To Negotiate, or Not to Negotiate
If you’re a first-year MBA student, chances are better than even that you’re currently in the midst of internships interviews. And, although negotiating a job offer is normally a topic of consideration for full-time positions, I’ve increasingly encountered the question with regard to internships too. And the short answer is “no,” internship offers (with the exception of a fundamental question such as whether the internship is paid or not) are not negotiable; they tend to be standardized, and all MBAs who summer at a particular company are paid the same amount, a fact which does not necessarily hold true when it comes to full-time offers.
For ~8 to 10 weeks of summer work, the question is not how highly one can be compensated, but whether the effort leads to a full-time offer. The compensation should be enough to bridge the gap, financially, between the first and second year of school for those enrolled in two-year programs. Whether or not to negotiate the terms of a full-time offer then becomes a more interesting question, but not in the ways that most students necessarily expect.
Primed by the skills and strategies acquired in MBA negotiation classes, conscious of unfair gender-based wage gaps, and all too susceptible to the feeling that someone else out there might be driving a harder bargain, many of the MBAs I meet feel they are short-changing themselves if they don’t bargain for more favorable terms. The focus for most students, thus, is on “how to” negotiate a job offer, and the act of negotiating itself feels like a foregone conclusion and a necessary part of the process, not least because many MBA recruiting guides list “negotiating your offer” as simply the last, inevitable step in a job search process that begins with research, leads on to applications, interviews, and offers, and culminates, inexorably, with trying to extract a better deal.
For those students who seek individual guidance from MBA career service advisors, the approach usually becomes more tempered. Maximizing one’s compensation often takes a back seat to, or is at least balanced with, ensuring that goodwill and positive perceptions are maintained in the months before a new MBA graduate joins a company. Being able to eke out another $20-40K in an effort to maximize one’s signing bonus or minimum guaranteed performance bonus, for example, seems less significant in the long-run, especially when being recognized and truly well-rewarded for one’s efforts in any new role is almost always a function of how one does on the job rather than what one was able to secure during the offer period (for additional thoughts on how companies view this process, see also The Opportunity Cost of Hiring an MBA from the Employer Perspective, Part 2).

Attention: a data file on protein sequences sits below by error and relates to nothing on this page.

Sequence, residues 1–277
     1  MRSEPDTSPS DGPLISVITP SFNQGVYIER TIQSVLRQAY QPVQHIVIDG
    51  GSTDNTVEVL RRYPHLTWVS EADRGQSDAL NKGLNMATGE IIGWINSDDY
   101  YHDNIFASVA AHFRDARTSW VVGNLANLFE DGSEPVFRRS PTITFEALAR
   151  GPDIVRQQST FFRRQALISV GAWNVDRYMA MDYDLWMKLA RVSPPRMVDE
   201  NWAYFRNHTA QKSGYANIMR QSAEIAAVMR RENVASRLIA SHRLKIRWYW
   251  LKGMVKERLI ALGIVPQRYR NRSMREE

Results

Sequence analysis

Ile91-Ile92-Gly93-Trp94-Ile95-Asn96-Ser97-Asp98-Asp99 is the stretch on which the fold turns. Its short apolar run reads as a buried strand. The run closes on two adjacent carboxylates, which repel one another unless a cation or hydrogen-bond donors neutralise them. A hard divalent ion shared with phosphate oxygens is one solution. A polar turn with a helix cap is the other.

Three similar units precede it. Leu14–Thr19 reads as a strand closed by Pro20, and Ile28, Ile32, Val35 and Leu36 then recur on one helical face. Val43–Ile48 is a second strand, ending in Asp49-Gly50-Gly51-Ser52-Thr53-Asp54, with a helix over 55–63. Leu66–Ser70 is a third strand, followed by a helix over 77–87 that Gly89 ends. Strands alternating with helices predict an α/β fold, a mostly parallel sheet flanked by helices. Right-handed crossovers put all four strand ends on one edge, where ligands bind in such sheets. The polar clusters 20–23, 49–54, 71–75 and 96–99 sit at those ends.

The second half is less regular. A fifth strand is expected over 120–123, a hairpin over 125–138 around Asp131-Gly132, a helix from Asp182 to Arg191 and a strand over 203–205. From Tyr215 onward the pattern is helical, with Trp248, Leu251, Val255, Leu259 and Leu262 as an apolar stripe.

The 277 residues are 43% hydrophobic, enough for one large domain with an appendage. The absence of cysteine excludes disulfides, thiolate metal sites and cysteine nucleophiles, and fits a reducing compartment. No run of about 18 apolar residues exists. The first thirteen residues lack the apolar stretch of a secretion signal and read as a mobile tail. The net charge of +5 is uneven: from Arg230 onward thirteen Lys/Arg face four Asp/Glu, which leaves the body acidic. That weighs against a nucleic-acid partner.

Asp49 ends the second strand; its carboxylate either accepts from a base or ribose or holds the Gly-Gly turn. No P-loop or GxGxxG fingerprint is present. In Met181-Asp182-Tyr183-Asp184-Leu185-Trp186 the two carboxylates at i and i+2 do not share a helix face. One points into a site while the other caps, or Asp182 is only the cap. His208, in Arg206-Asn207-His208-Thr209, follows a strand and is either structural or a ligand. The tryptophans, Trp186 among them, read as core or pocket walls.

If a student does negotiate a full-time offer, there must always be a distinctive difference, a clear reason why that candidate deserves more than the standard offer relative to his or her classmates. (Simply wanting more money for its own sake is not an unusual motivation, but not one that tends to impress hiring managers, in my experience.) But, of course, those reasons do exist. … A candidate may have significantly more experience in a specific field than her MBA classmates with the same offer, for example. Or, significant personal circumstances may differ: for example, the amount of relocation money required to transfer a new MBA hire from Philadelphia to New York City might not be that great, but this is not the case if the MBA graduate’s spouse and kids live in Switzerland and must move to the U.S. to rejoin that grad.
In most instances, base salary and signing bonus, though they tend to attract the most attention, are usually the most difficult items to negotiate. Companies are hard-pressed to justify hiring students at different rates when all of those new employees often join the company as part of a single “MBA class,” experience the same on-boarding, job titles, and levels of responsibility, and are held to a roughly uniform set of performance standards. However, the non-compensation based aspects of one’s offer – the so-called intangibles – can offer a meaningful source of value for new MBA hires.